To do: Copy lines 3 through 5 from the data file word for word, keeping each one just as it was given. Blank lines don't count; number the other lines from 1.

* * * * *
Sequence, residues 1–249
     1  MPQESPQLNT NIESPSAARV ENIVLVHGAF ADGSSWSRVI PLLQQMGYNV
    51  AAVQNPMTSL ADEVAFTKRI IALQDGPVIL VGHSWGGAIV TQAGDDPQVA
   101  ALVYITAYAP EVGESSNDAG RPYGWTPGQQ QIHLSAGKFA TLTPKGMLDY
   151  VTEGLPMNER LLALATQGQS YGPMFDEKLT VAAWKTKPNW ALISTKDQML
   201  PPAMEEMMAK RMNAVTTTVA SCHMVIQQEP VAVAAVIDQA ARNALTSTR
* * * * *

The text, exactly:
    51  AAVQNPMTSL ADEVAFTKRI IALQDGPVIL VGHSWGGAIV TQAGDDPQVA
   101  ALVYITAYAP EVGESSNDAG RPYGWTPGQQ QIHLSAGKFA TLTPKGMLDY
   151  VTEGLPMNER LLALATQGQS YGPMFDEKLT VAAWKTKPNW ALISTKDQML